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  • #16
    Re: End of World Nigh ?

    Originally posted by proofs in the pudd'in
    Originally posted by JRM
    The experiment is not without its detractors.

    Websites on the Internet, itself created at CERN in the early 1990s as a means of passing particle research results to scientists around the globe, have been inundated with claims that the LHC will create black holes sucking in the planet.
    The "detractors" are out to lunch. This kind of disaster scenario is predicated on the synchrony of multiple, improbable events, including:

    1. The mini-black holes are actually created (requires certainly theories to be correct, and there's no guarantee that they are)

    2. If created, the mini-black holes must be stable to be a concern. Stephen Hawking has proven (on paper) that black holes will evaporate. We haven't been able to confirm this fact, because (a) we haven't observed black holes directly, and (b) the big black holes that exist in the universe will evaporate very slowly and undetectably. If black holes are created at the LHC (subject to condition 1), they will be very tiny and will evaporate very quickly, like in 0.000000000000000000000000001 s (i.e. much faster than Bolt's reaction time!).

    3. If they are created and are stable, the black holes must remain on the Earth. The protons involved in the collisions are traveling at 99.99999% the speed of light. Any particles that fly out of the collision -- including black holes -- will have a speed much, much greater than the Earth's escape velocity. So, most likely if (1, 2) are correct, the black holes will fly out into space before we know they're there.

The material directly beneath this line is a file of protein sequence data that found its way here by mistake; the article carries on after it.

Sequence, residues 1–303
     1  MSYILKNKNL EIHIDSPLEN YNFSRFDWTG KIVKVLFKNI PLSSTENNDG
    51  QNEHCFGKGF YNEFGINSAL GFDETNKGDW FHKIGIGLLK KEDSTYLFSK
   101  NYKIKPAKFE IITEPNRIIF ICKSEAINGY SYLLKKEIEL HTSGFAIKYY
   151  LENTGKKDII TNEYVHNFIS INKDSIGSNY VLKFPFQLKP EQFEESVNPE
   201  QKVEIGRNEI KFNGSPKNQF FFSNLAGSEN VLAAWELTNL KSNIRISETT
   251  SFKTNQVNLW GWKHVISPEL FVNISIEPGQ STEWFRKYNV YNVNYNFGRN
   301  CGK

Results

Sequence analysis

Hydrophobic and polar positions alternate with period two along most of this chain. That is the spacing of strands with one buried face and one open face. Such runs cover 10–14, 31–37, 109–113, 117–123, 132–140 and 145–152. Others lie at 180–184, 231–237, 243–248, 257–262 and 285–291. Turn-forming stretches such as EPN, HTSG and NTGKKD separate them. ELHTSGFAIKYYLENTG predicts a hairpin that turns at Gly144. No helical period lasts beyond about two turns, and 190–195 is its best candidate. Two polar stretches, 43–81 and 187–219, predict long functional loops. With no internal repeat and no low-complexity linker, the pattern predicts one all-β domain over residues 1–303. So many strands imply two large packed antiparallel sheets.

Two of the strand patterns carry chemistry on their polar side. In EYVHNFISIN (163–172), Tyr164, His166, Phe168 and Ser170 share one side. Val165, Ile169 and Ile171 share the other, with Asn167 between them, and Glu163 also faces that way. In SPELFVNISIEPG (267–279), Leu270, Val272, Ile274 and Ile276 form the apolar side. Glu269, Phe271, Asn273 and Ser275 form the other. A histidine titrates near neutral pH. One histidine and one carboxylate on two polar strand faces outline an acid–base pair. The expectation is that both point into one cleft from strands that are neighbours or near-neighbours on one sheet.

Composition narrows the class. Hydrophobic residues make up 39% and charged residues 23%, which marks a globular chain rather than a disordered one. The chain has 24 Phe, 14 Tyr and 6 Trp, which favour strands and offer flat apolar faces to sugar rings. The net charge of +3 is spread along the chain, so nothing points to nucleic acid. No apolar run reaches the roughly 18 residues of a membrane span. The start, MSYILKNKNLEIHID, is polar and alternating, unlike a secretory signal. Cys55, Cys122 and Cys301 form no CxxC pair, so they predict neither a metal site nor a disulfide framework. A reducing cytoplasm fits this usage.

4. There is a MINISCULE probability that the black holes will be created with precisely 0 velocity (two protons colliding exactly head on with exactly the same speed can do this, but that's very difficult to do). If that happens (and they are stable), the black hole will sink into the earth toward the core and start gobbling stuff up. In this case, depending on who you ask, we'll have between 5-30 years to figure out how to get off the planet.

    Anyway, the short answer to the above quote is: "Ain't gonna happen!"
    This would be a great movie if number 4 happened
    Quick, JRM, get your idea copyrighted! Fox Searchlight or [insert other movie studio here] will have this movie out in 12 months if you dont.

    Comment


    • #17
      Could such a miniscule black hole actually destroy the planet? To me, it
      seems that with the total mass (and therefore gravitional force) available
      to the black hole, it would only have a very marginal effect except in the
      very long term (even if we overlook e.g. the possibility of evaporation).

      In particular, I do not see how it could sink into the earth at a speed
      where it would be impossible to simple dig up a piece of the floor and send
      it away on the next space shuttle. (Assuming that it actually managed to
      land on a floor in the first place---and, obviously, that its existence and
      position were known.)